Tureen in dark blue English view ware. Such a specimen could be adapted for use as a fern-bowl with admirable effect. Country seats were a favourite subject with the makers of this ware
From 1820 to 1840 Andrew Stevenson was printing English views upon services. These generally consisted of fine country houses surrounded by a border of large flowers, including the wild rose and foliage, and marked at the back with an urn.
From Mrs. ferry Buckley's collection
From Mrs. Percy Buckley's collection
James and Ralph Clewes, of Cowbridge, used this style of decoration from 1818 to 1834, and in 1836 James migrated to America, where he essayed to make pottery at Troy, Indiana. Being unable to find the necessary ingredients or competent workmen, he soon failed financially; but by an irony of fate some few years later ex-tensive beds of kaolin were found in close proximity to the site of his factory.
It was this firm who brought out the famous Dr. Syntax and Don Quixote designs, and a set of comic pictures drawn for them by Sir David Wilkie, all of which are much sought after to-day. Amongst the English views are a set, in a dark blue, comprising cathedrals and castles. The borders vary, but are frequently composed of flowers of large size, including the harebell. Sometimes scrolls are used with the flowers. A set of "select views," with these words upon the back, enclosed in a ribbon-tied wreath of foliage, and with the name of the view on a ribbon scroll, are printed in dark blue, with a border of large flowers. A third English series, brought out by Clewes, is the "Zoological Garden views," showing cages of birds and beasts. This series was printed in several colours and had a border of twisted scrolls. Ralph Stevenson, of Cowbridge, whose wares are marked with his name or with the initials R. S., and later (after he had been joined by Williams), R. S. and W., printed his English views, including one of Windsor Castle, in dark blue, with a border of acorns and oak leaves. His "panoramic scenery," marked R. S., is bordered by foliage. Another series, with the same mark, includes Eaton Hall, and has a lace and flower border, and his "British lake" series, printed in several colours, has a border of flowers and scrolls.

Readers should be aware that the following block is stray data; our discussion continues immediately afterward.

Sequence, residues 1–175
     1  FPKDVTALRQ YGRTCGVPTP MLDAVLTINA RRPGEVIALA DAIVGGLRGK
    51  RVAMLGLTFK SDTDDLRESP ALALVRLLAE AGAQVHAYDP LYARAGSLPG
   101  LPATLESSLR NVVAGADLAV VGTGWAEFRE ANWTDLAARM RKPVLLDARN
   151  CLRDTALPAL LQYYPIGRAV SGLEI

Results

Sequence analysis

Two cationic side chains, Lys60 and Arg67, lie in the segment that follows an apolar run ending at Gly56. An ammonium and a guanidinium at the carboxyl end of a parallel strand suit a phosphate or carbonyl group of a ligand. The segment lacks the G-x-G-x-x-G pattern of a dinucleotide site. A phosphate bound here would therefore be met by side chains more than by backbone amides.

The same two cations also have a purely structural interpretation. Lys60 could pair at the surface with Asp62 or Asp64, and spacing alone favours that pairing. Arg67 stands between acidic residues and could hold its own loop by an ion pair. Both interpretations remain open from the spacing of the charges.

A remarkably fine dish of view ware, in deep blue, with a border of flowers and fruit, the handiwork of the famous Rogers Brothers of Staffordshire
From Mrs. Percy Buckley's collection
T. Mager and W. Adams and Son also carried on a trade in view ware, generally employing a blue of deep shade; the former used a border of wheels and trumpet flowers, and the latter foliage, trees, flowers, and scrolls. Mr. Adams decorated his ware with a long series of London views, of which the name appears upon the piece at the back; he also brought out a series of castles.
S. Tams and Co. used dark blue and a border of foliage for a set of buildings such as Drury Lane Theatre and Somerset House, and F. Hall and Sons issued a series marked respectively "Oriental," "Italian," and "Indian," the pictures indicating scenes in those countries. On the Indian may be seen elephants and pagodas, and they are said to have been taken from "Travels in Mesopotamia," a book published in 1828. J. W. Riley bordered his views of country seats with large scrolls. His blue was noted for its fine rich tone, and the name of the firm may be found impressed on the back,
It is said that many of the borders used for this ware in Staffordshire were copied from the wallpaper of the period, especially those in which lace appears.
The Brameld brothers, of Rockingham, ornamented earthenware services with views, in a pale shade of blue. These are marked at the back with the name of the subject, and sometimes, but not always, the name Brameld and a small impressed Maltese cross.
At Swansea this form of decoration was also employed in several colours, including black, brown, and puce, and one or two makers, whose identity I have been unable to establish, printed their views in green and in a very attractive shade of pale green and pink combined.
Josiah Spode used view decoration on a fine earthenware with a brilliant glaze. He adopted several shades of blue and various borders, and his designs included both foreign and English scenes. The name Spode will be found printed or impressed upon the back or base of each piece.
One of the illustrations shows a particularly charming dish of large size, marked "Rogers." It was made by the Rogers brothers in Staffordshire, between the years 1810 and 1835. The colour is rich blue and the border consists of flowers and fruit.